Now when I walk in and flip the switch I have to pause a moment to make sure the fan is on. I look up to see the new, quiet, efficient fan and feel the air pulled in under the door and I feel an immense sense of accomplishment. Despite being scary, I stretched. And it feels good!

Not as good as maple syrup, but pretty darn good!

Reminds me to stretch every day!

Projects keep us out of the bars

So there was this project that I had been putting off for the longest time. In part the financial bits and pieces weren’t in place and sourcing all the things I needed to complete this one took some time and research, but the time had finally come……

It’s just a little makeover on a bathroom. Necessary because the bathroom started life as a walk-in closet. Some owner at some point in time decided it would increase the value of the property to have an en suite bathroom rather than a closet for the master bedroom. The closet did not have a heat vent in it, despite having an external wall with two leaky windows. Apparently clothes do not need to be kept warm. However, once the unknown owner decided to renovate the closet into a bathroom, it would have made sense to add a heat vent, just because a person has to take clothes off in order to take a shower. And of course the steam from said shower does not mix well with a cold room, especially one with a super cold external wall. So all of this moisture and cold resulted in damage to the paint on the external wall. Oh and did I mention it was the ugliest red paint that anyone would ever want to put into a bathroom?

condensation is never kind to paint, not even ugly red paint

condensation is never kind to paint, not even ugly red paint

In addition to the condensation damage there was also water damage that someone did a very bad job of attempting to fix. From the look of things the shower may not have a good water barrier. Silicone caulk all around the base of the wall tiles and at various places in the shower floor seem to have fixed the problem for the time being. Fixing things behind the tile goes beyond what I will do for a rental unit. The landlord knows about the problems, the water damage and the poor “fix” was there when he first showed us the property. The wall damage will be repaired as part of this project.

And did I mention that this is just an ugly color of paint? This brick red was apparently very popular back when these buildings were built in the ’90s. Now it’s time for this ugly red to go. And for the repairs to be properly done. Fortunately there is another bathroom in the condo, so I don’t have to use this shower while I make the repairs, and prep for painting. But this red will not go easily, I fear. It’s some kind of very glossy paint, looks like a gloss and not a semi-gloss, and the walls have sooooo much texture on them. Time for the orbital sander, I suppose. Something to rough this surface up and maybe knock the tops off the worst of the texture.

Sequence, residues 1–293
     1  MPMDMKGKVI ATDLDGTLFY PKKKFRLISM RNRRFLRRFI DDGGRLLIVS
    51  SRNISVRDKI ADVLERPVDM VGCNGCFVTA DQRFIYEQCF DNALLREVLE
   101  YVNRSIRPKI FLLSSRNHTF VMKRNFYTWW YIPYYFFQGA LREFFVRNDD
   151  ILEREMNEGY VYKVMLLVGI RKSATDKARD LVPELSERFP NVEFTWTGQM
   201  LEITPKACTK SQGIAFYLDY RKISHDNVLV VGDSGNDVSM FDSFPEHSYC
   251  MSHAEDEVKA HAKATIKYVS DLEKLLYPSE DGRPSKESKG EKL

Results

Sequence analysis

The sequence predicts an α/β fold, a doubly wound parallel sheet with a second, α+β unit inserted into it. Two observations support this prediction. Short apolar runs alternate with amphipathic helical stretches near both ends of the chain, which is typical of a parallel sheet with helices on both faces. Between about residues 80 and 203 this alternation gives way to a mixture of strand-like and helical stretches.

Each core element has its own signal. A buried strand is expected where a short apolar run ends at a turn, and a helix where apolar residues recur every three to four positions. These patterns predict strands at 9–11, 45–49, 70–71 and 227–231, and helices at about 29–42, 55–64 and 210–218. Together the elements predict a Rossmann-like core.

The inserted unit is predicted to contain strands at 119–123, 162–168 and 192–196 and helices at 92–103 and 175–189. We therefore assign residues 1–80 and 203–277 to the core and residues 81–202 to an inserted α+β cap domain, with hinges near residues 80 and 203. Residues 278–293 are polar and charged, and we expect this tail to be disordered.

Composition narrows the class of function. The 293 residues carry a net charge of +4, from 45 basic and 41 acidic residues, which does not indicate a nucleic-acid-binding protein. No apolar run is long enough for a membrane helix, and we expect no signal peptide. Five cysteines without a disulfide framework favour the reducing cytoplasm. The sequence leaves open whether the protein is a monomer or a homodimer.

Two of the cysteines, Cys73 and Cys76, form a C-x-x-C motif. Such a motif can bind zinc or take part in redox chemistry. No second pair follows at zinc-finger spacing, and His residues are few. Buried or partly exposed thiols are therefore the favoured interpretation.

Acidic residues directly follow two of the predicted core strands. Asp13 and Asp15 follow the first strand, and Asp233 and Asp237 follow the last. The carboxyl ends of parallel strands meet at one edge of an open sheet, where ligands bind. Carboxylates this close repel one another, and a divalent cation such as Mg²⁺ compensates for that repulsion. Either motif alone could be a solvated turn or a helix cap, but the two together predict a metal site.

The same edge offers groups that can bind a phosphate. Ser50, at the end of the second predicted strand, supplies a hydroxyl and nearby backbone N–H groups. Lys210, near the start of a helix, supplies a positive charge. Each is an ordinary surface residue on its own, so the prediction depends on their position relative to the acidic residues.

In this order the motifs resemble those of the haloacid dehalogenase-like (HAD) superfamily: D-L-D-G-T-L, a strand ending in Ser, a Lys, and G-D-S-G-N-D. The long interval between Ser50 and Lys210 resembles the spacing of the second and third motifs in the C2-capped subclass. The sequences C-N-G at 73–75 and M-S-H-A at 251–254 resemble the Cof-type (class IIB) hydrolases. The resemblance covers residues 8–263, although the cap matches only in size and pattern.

So, out comes the 60 grit discs and the little orbital sander and away we go…..slowly. This stuff is TOUGH! By the time I get 3 square feet done, the battery is dead and the disc is smooth as a baby’s behind. Off to the big box center….(I wish we had a real hardware store here.) So away I go armed with NICAD batteries, a new charger and a pack of 25 sanding discs (NOT the super discount ones.) And I spend an entire day sanding and charging and vacuming and sanding and charging and wiping dust and finally, things start to look dull and a bit knocked down.

Water Damage at the base of the shower

Water Damage at the base of the shower

Now the drywall repair kit with the little wire mesh patch cover, sandpaper and that funky spakle that goes on pink and dries white. What a mess. Good thing this mesh will give the thing some rigidity. Maybe I should replace the silicone caulk on the inside of the shower basin to make sure this doesn’t happen again.

the worst of the damage.

the worst of the damage.

And the rest of the evening and into the night…..This is not a pretty repair. I had to enlarge the hole quite a bit and dig out crumbling plaster that was just slapped in here. I got down to a fiberglass mesh that was probably part of the original corner. The wire mesh patches have an adhesive edge, and are pretty rigid so can be bent to the shape of the corner. Then the spackle clings to the mesh and the whole repair is completely independant of the broken stuff underneath the repair. By the time I had this done, it was time to go to bed and call it a day.

It looks like it will be every bit as big a project as I had thought and then some. Not that I underestimated the number of things to be done, just the time it would take to get any one of them done.